Burlington Travel Guide
Find out what’s underwater at this interactive science museum; there are more than 70 species featured in ever-changing exhibits. It also hosts an adult-friendly cocktail party called ECHO After Dark on the second Thursday of every month.
Pop in for a cup of hot cocoa, made with organic sugar, milk, vanilla, and a scoop of ganache.
After transforming his boyhood home into a full-time job in the late 1970s, Nick Cowles now manages 80 acres of apple, peach, and sour cherry orchards along Lake Champlain.
Stretching from south Burlington to the Winooski River delta, this 7.6-mile recreational path is popular with joggers, bikers, and inline skaters.
The Rails-to-Trails movement of the 1990s opened miles of bike paths along the shores of Lake Champlain (and sometimes on it) and inspired the non-profit advocacy group Local Motion to promote community health via “people-powered” transportation.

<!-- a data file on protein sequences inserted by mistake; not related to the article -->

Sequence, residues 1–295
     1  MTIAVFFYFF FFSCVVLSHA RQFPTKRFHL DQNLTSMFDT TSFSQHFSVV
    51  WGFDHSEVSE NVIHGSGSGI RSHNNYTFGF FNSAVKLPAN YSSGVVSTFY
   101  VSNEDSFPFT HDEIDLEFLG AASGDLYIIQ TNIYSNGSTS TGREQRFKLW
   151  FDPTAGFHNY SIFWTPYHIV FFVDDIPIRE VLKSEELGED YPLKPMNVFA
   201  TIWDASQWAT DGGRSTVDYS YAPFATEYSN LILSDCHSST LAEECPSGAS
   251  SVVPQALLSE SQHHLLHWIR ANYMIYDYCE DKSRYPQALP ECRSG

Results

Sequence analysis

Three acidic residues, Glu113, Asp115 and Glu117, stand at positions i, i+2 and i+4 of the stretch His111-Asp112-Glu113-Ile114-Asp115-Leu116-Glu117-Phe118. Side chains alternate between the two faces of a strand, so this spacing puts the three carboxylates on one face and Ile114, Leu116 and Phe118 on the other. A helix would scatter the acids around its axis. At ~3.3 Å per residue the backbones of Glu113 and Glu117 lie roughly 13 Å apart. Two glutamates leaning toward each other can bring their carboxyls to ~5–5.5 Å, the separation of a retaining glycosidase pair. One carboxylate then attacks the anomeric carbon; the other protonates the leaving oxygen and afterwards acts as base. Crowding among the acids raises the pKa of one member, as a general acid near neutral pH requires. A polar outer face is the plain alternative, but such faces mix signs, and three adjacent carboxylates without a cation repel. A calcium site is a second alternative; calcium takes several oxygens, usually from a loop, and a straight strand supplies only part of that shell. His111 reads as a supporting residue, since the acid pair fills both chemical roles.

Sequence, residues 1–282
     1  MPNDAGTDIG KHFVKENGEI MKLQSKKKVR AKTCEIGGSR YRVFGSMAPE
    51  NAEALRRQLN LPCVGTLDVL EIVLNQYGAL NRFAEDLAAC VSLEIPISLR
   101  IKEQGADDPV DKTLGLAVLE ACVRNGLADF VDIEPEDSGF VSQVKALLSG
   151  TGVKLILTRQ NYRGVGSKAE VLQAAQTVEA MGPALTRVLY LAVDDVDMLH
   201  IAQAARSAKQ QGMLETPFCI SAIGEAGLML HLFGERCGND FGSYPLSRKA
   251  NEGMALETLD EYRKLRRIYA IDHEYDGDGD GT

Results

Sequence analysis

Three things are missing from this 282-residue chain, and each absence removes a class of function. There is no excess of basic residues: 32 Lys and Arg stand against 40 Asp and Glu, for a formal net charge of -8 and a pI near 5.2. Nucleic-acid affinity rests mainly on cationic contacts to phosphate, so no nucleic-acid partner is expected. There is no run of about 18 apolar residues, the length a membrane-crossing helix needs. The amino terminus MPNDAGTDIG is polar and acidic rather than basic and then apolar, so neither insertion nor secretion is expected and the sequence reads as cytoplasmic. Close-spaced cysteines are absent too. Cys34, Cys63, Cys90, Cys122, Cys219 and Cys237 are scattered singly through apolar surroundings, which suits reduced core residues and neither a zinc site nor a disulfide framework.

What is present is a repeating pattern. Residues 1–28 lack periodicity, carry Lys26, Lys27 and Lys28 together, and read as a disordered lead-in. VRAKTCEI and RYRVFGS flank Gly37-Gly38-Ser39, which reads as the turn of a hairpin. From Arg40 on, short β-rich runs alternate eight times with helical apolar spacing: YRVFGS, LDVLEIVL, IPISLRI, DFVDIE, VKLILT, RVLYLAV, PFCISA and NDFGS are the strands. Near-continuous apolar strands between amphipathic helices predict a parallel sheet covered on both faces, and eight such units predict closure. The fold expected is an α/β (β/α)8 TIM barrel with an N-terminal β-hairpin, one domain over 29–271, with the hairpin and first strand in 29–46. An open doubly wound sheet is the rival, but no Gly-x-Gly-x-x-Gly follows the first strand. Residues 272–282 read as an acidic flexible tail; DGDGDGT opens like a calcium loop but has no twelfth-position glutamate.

While the advent of the indoor shopping mall in the 1970's meant the death of most pedestrian malls, this one—established in 1981—still buzzes with activity.
Founded by Jake Burton in 1977, this namesake company is one of the nation’s leading suppliers of snowboarding equipment. This flagship store, located near the factory in Burlington, carries an assortment of equipment and gear for winter sports enthusiasts.
Behind its iconic marquee, the city’s largest theater has served many roles since opening in 1930 as a vaudeville house.
A lesser-known attraction in the area, the Perkins Geology Museum is located on the campus of the University of Vermont.
Burlington's only downtown grocery store, City Market is a community-owned food cooperative selling a wide range of local and organic goods, as well as a smaller selection of name-brand products.
Located on the Burlington Bay waterfront, this unusual shop is part of the Peace & Justice Center, a nonprofit organization that promotes human rights, racial justice, and economic equality.
At the Hort Farm (as it’s locally known), students from the University of Vermont have conducted biological research for more than 60 years. At present, the 97-acre facility hosts experimental apple orchards, grape vines, ornamental shrubbery, flower gardens, and a bat house.
The five-story converted firehouse has rotating art exhibitions every fall.
More than anything, Umiak Outdoor Outfitters wants to get people moving — either paddling on Vermont’s rivers and lakes in the summer or gliding through the winter snow on skis, snowshoes, or dog sleds.